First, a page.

Opinion column: Hillary Clinton's book calls out Bernie Sanders for welcoming some antiabortion Democrats. Here's why she's wrong.

Hillary Clinton engaged her 2016 campaign for president with the kind of hard-line abortion rhetoric and positions that had been noticeably absent from her political repertoire for most of her political career. Most of us knew Clinton as a modera...


Hillary Clinton engaged her 2016 campaign for president with the kind of hard-line abortion rhetoric and positions that had been noticeably absent from her political repertoire for most of her political career.

Most of us knew Clinton as a moderate abortion rights advocate. She seemed to have genuinely wrestled with abortion as a deeply complex issue over the years, especially as it intersected with her faith. The struggle she said she's had in protecting the autonomy of women and honoring the value of the fetus seems sincere.

During her Democratic primary battle with Barack Obama in 2008, Clinton's well-worn position had been clearly established: abortion should be safe, legal and rare. "And by rare, I mean rare," she emphasized.

But that position is showing its age. By the November 2016 election cycle, Clinton was all-in for abortion rights. The nuanced rhetoric and talk of making abortion rare was nearly always replaced with talk of fundamental bodily rights and castigation of anyone who wanted to limit abortion.


With the recent release of her tell-all book, "What Happened," curious readers like me are trying to track down what was behind this historic candidate's shift on abortion, one that seems to have further polarized her position among voters.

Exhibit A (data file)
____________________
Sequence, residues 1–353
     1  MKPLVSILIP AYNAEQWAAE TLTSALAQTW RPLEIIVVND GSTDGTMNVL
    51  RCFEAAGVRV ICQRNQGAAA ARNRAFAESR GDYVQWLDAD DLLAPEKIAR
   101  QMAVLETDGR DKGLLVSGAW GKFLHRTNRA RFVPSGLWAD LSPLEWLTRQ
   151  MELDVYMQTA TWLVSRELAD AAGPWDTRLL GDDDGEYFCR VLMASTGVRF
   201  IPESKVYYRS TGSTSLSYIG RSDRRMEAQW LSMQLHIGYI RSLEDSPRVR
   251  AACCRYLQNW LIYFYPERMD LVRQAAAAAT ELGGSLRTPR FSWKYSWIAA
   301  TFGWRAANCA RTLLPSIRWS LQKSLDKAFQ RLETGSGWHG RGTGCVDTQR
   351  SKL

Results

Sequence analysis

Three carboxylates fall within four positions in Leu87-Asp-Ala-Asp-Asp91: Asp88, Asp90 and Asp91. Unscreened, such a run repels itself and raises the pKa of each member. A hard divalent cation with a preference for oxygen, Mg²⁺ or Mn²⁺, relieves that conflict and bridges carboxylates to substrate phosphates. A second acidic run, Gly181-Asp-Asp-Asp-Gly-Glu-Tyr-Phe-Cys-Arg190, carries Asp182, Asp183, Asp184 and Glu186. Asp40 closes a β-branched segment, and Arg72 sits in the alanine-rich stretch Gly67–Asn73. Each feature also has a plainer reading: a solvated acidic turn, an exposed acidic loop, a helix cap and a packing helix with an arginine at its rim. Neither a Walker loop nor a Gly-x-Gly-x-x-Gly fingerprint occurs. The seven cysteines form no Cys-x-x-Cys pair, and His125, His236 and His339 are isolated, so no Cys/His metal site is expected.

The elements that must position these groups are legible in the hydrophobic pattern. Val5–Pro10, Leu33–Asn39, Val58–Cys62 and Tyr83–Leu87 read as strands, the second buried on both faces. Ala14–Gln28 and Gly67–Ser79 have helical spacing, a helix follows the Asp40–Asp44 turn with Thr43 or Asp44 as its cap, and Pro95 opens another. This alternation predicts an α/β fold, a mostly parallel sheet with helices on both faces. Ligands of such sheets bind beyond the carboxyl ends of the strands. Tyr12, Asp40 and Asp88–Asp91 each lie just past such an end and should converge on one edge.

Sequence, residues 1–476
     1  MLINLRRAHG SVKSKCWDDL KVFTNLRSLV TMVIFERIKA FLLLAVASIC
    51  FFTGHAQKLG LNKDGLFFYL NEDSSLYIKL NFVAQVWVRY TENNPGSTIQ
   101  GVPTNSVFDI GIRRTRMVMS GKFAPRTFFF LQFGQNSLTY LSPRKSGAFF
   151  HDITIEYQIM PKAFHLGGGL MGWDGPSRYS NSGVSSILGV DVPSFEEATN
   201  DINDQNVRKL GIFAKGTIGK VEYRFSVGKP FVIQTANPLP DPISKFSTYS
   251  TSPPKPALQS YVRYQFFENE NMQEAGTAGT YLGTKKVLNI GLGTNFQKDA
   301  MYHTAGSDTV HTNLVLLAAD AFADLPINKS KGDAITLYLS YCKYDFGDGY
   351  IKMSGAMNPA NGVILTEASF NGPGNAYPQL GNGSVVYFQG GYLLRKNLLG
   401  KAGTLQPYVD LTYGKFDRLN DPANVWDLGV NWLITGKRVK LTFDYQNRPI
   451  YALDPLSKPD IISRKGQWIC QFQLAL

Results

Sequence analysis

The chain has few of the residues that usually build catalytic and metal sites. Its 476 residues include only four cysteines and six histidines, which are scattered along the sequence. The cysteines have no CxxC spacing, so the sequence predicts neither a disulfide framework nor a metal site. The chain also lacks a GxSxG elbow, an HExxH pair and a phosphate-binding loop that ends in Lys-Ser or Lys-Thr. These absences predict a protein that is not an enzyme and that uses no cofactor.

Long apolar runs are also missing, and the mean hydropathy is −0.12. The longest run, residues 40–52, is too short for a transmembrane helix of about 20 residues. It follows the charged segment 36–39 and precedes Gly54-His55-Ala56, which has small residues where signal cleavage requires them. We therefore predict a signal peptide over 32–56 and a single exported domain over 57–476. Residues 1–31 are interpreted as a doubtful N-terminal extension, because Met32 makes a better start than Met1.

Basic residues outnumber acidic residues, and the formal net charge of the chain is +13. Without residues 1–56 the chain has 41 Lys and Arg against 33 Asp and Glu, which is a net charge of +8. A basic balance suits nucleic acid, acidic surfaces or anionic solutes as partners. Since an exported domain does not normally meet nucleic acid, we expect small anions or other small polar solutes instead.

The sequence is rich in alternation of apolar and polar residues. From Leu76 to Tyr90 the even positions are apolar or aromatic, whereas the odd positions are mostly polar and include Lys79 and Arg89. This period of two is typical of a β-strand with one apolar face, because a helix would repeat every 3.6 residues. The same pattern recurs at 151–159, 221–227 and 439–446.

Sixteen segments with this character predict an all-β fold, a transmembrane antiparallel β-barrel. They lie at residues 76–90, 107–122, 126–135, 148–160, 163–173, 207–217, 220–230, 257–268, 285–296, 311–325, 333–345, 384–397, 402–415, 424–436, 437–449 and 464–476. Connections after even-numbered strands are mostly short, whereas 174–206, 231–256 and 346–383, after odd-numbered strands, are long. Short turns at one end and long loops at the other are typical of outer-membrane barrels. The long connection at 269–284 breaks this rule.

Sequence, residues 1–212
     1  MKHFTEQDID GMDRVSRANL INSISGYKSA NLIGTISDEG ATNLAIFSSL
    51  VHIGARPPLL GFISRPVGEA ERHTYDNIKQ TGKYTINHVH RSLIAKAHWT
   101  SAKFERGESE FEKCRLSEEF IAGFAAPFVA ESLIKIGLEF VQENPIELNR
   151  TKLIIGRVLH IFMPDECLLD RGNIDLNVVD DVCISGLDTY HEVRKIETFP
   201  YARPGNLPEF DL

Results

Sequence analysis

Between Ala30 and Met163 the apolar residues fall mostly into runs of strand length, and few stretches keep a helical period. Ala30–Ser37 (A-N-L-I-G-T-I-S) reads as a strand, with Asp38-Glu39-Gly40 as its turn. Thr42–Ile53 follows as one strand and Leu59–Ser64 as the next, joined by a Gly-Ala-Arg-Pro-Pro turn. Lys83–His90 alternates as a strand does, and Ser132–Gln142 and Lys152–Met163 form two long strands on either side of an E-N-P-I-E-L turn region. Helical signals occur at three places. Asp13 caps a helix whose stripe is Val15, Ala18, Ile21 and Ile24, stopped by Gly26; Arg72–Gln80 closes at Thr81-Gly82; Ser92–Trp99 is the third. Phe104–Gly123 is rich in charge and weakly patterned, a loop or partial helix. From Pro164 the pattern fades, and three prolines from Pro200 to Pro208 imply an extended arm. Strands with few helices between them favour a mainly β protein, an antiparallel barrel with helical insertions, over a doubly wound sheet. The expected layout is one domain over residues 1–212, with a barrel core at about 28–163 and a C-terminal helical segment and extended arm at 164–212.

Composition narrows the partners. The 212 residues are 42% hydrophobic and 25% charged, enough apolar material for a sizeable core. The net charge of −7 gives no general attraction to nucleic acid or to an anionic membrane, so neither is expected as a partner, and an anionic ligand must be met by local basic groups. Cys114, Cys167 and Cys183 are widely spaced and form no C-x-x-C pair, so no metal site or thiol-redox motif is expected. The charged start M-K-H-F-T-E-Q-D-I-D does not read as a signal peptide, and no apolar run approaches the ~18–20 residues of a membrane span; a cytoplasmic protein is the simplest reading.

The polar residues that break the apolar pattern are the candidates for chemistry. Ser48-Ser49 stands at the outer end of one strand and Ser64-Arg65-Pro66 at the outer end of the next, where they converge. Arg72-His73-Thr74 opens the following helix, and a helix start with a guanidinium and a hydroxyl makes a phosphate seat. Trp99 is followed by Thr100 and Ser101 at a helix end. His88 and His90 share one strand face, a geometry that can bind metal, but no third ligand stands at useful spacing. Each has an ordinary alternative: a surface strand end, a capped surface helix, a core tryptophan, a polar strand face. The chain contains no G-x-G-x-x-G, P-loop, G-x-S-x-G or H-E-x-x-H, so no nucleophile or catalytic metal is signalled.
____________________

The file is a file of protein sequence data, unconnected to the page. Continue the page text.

During the campaign, for those looking for an explanation for her newfound extremism, a lightbulb may have gone on in January of 2016 when Planned Parenthood endorsed her for president, the first time they had ever endorsed a candidate at the primary stage. A few months later the evidence became even stronger: Planned Parenthood put an astonishing $30 million dollars into a grass-roots program to elect Clinton.

What did Planned Parenthood get for its money? The nation's biggest abortion rights group got someone who - at least when she was on message - abandoned her younger, more nuanced self on abortion. She did away with her former lines about making abortion rare, which would have implied that abortion is a bad thing and ought to be limited. The new #ShoutYourAbortion campaign displayed so clearly that there's no room for such nuance in this era of the abortion rights movement.

Abortion in these activist circles can no longer be seen as a tragedy, or the lesser of two evils. No, it must now be celebrated. Indeed, the Democratic platform overseen by the Clinton campaign argued that abortion is "core to women's, men's and young people's health and wellbeing." Gone were any idea of limits on abortion, or even that it would be good if there were fewer abortions. The platform even called for Americans to pay for abortion with their tax dollars, repealing the Hyde Amendment.

American politics had never seen anything this extreme from a mainstream party before. Those who knew of Clinton's past - not only on abortion, but also when it came to accepting money and support from shady places - blamed political maneuvering. They assumed no one who has genuinely struggled as she had with this issue over the years could, in real life, have a position that was so completely without nuance.